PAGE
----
Could we predict crimes the way we predict weather?
Experts think we have enough data to be able to know where the next crime will happen before it actually does. But criminologists say that’s pure hype.
In this data-driven world, it should come as no surprise that criminologists have spent the last few decades collecting data on the details of where and when crimes happen.
The design of street networks, lighting, where victims and criminals go, escape routes and time of day may all help explain why burglary, robbery and theft tend to happen in certain locations, and at certain times.
Even the weather and whether or not it is payday can affect these patterns.
All these factors have been folded into sophisticated computer programs, or algorithms, which can suggest when and where crime is likely to occur—before it actually happens.
Predict and prevent crime
The use of these algorithms in this situation is called predictive policing. Some variation of this approach is already in use in a variety of cities across the globe, including Zurich, London, Chicago and in different cities in California, among other locations. The Norwegian Board of Technology has recently recommended that the Norwegian police adopt the approach.
The idea is that predictive policing can help the police do a better job of organizing patrols to prevent crime, such as by locating more visible police units and street lights in specific risk areas.
“A potential criminal is always weighing the trade-offs: How big is the chance of being caught and what kinds of possibilities are there to get away? Basically, it’s a matter of how unsafe it is for the perpetrator,” says Robindra Prabhu, who is head of the Technology Board’s projects on big data and policing.
From operations centre to tablets and phones
In Norway, the debate about the use of big data analysis by the police has only just begun.
In the United States, and to some extent in the UK, Germany, the Netherlands and Switzerland, the approach has become more and more common.
In Santa Cruz, California, for example, the police have started using software called PredPol, which is based on the assumption that certain crimes will happen within a certain radius of earlier crimes.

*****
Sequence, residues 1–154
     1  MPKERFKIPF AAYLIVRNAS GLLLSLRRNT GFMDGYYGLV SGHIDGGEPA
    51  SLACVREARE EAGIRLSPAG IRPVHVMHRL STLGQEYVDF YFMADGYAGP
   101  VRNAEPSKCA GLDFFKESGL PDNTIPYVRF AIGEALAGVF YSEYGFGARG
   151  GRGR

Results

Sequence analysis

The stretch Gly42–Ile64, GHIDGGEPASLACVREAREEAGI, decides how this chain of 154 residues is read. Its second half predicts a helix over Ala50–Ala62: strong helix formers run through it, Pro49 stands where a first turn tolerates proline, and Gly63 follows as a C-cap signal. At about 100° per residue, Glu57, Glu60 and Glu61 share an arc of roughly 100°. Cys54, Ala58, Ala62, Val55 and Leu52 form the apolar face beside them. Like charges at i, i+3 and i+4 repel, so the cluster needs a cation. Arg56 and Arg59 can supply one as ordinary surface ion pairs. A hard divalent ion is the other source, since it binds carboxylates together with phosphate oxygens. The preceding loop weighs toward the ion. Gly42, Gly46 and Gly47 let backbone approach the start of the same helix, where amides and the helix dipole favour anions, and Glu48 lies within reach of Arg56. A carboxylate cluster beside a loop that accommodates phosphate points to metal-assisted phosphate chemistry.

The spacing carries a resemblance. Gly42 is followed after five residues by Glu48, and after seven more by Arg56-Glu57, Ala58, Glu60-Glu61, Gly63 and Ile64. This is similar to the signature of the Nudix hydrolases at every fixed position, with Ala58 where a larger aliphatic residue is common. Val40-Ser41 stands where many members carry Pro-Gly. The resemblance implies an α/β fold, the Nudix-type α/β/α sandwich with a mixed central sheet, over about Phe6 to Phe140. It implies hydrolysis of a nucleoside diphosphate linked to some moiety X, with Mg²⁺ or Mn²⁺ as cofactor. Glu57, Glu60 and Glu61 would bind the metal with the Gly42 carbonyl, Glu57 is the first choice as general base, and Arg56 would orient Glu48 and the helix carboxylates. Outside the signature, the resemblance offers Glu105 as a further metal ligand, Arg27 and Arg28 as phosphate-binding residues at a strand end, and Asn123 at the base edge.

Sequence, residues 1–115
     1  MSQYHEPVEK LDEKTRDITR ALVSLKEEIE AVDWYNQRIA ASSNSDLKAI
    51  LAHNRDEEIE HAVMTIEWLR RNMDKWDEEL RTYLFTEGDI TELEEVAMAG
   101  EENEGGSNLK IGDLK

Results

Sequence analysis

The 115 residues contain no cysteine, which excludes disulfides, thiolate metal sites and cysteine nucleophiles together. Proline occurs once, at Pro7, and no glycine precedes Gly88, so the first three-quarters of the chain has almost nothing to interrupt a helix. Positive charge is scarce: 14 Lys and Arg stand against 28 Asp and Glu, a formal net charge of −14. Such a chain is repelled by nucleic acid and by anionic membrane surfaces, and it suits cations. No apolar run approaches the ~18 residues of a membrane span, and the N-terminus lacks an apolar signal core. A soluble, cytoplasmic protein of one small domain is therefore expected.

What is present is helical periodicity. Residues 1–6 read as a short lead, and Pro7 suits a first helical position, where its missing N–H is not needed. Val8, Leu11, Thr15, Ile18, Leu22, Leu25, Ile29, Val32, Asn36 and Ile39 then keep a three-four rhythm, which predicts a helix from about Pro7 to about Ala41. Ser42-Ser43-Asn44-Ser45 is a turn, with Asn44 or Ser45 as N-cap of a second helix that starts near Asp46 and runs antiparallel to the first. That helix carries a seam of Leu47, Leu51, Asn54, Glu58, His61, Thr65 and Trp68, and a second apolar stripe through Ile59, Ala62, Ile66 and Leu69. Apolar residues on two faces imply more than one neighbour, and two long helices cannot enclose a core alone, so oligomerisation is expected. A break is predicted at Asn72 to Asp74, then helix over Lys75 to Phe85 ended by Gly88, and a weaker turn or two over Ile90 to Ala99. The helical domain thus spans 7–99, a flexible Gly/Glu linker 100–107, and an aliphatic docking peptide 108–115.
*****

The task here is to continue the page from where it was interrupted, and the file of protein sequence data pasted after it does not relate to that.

A map in the police operations centre allows managers to monitor potential risk areas, which are highlighted as small red boxes, while patrols out on the street can do the same via a tablet or mobile phone.
According to the company that sells PredPol, the new software has caused crime rates to decline by as much as 13 per cent in Los Angeles and by 27 per cent in Santa Cruz.
In spite of these positive results, there has been relatively little independent research on predictive policing.
Professor Inger Marie Sunde at the Norwegian Police University College believes it is nevertheless prudent to initiate pilot projects in Norway, provided that they do not involve monitoring individuals.
She also believes that pilot projects would offer Norway a good opportunity to collect more systematic and independent information on predictive policing.
“The Norwegian Board of Technology believes predictive policing offers a promising opportunity for more effective and preventive efforts,” says Sunde.
What about the 22 July terrorist attack?
The commission that looked into the attacks by Anders Behring Breivik, who killed 77 people on 22 July 2011, emphatically stated that the Norwegian police must join the technology revolution.
Although Sunde acknowledges that hindsight is always 20/20, she said she believed that computer tools would have allowed police to prevent Breivik from acting at a number of occasions.
“For example, big data analysis could have picked up the order for the bomb directly from open Internet sources,” she said.
The police could have also addressed the stream of tips that came from the public via smartphones.
The tips could have been combined with other information, such as data from surveillance cameras, and with information that was only available in paper form at the time, such as a sticky note with the terrorist's car registration number.
“This is a form of real-time analysis that the police are still unable to do,” she said.
Controlled by commercial interests
Heidi Mork Lomell is head of the Department of Criminology and Sociology of Law at the University of Oslo, and has conducted extensive research on surveillance.
She believes that predictive policing is just a new name for something the police have been doing for years, but that is driven by commercial operators who are eager for police to buy their software.
Lomell believe a promotional video from IBM illustrates her point:
“This is hype,” says Lomell.
“What is new is that they are promising more than before—namely, that knowing crime patterns will allow crimes to be predicted, and the police will thus be able to nip crime in the bud,” she said.
She believes the method is limited because it is not possible to predict exactly how and when a crime will be committed, and that the benefits of the software are probably less than the commercial companies claim.
“I am also sceptical about what measures the police will use to stop crimes before they have happened. There is still too little focus on this, along with potential counterproductive effects, ethical issues and legal challenges,” she says.
Read the Norwegian version of this article at forskning.no